In this series of posts, I want to describe some work I’ve been doing attempting to apply an artificial neural network model to the problem of classifying copy number variation in a clinically-important gene, CYP2D6. I will be presenting a poster-paper on this topic at the 2018 ISMB/ISCB meeting in Chicago.
Here is the abstract from the poster:
Pharmacogenomics is a rapidly developing field that aims to deliver on the promise of personalized medicine by guiding pharmacological intervention using an understanding of a patient’s individual genotype for drug metabolism. By avoiding ineffective or dangerous treatments, patient outcomes could be dramatically improved and hospital costs reduced. We have developed a sequencing-based pharmacogenomics screening panel that uses targeted capture to perform deep sequencing of 200+ critical drug metabolism genes. Assessing copy-number variation is a critical part of correctly interpreting genotypes in key drug metabolism genes, such as CYP2D6. Historically, this has been a time-consuming step in our clinical pipeline involving large amounts of expert analyst time and data visualization. This study presents a novel application of an artificial neural network (ANN) machine learning algorithm to learn the complex patterns in CNV data. The result is a trained network that can quickly and accurately classify copy number events according to known training categories in the CYP2D6 gene. We show that a simple, one hidden-layer network is sufficient to achieve the extremely high accuracy and low false-positive rate required in a high-throughput clinical setting.
Motivating this work is the fact that interpreting copy number variation data from targeted capture sequencing is difficult owing to several factors. First, the data are noisy owing to biases in capture efficiency and GC content. Second, the copy number variation events in a gene like CYP2D6 are complex and subtle, but have dramatic impacts on the functional status of the gene. Third, most copy number variation detection methods are optimized for whole genome sequencing with smooth and even coverage across each chromosome.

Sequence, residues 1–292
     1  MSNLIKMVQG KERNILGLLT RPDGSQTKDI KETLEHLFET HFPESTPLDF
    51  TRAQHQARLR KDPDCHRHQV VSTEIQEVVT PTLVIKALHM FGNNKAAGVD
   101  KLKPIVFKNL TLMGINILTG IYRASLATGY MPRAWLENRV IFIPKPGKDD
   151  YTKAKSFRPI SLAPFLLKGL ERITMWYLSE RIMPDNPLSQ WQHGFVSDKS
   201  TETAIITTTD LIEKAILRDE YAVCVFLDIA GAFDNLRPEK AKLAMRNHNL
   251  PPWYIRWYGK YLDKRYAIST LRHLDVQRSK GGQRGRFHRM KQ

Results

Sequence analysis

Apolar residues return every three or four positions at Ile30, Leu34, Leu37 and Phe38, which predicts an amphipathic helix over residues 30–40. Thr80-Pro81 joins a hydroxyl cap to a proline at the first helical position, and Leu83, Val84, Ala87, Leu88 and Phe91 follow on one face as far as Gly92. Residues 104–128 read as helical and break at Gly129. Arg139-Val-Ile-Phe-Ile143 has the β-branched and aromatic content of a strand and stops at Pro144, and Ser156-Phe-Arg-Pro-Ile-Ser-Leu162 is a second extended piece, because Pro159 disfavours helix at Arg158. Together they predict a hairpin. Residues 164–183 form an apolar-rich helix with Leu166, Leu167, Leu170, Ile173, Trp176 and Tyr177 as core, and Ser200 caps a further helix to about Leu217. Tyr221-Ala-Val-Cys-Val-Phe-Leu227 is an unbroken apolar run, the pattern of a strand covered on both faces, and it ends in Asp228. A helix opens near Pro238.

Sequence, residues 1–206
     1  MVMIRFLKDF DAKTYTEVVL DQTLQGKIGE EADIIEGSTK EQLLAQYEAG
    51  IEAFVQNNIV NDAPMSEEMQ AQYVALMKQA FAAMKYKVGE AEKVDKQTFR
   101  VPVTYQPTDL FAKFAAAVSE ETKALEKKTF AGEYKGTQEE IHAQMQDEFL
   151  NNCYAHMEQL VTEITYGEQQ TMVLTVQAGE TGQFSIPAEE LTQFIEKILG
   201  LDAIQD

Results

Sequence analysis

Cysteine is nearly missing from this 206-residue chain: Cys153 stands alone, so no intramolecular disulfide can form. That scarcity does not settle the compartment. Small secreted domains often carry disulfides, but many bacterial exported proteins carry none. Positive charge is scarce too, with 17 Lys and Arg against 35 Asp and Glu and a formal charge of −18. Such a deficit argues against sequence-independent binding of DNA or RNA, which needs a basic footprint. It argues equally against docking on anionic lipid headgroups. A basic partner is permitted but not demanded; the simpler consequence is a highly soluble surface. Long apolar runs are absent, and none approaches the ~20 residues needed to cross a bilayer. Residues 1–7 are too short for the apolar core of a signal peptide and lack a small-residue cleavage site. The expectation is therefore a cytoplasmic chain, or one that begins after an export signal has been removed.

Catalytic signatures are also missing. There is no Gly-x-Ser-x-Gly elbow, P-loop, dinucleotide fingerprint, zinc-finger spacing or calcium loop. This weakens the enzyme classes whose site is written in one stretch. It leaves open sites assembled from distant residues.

The result is that, although most of the variant calling and interpretation is automated, a person still has to sit down with the copy number variation copy-ratio plots and make a manual determination of genotype for the CYP2D6 gene (and other genes if they contain clinically-actionable CNVs). Below is one such copy-ratio plot that illustrates the problems we face:
You can see from the plot that one sample (red) has what appears to be a deletion (copy ratio ~ 0.5). We do look at these plots individually, but the problem with noise and complexity remains. This means that the analyst must be, in effect, a domain expert on each gene with a clinically-actionable copy number variation. This limits pipeline throughput and is impractical if the goal is to process hundreds or thousands of patient samples per month.
A role for machine learning?
It occurred to me that the copy ratio data fall into distinct patterns that a human (like myself) learns by eye and with experience. These patterns could be classifiable by machine-learning methods. I considered applying a convolution neural network (CNN) to the plot above.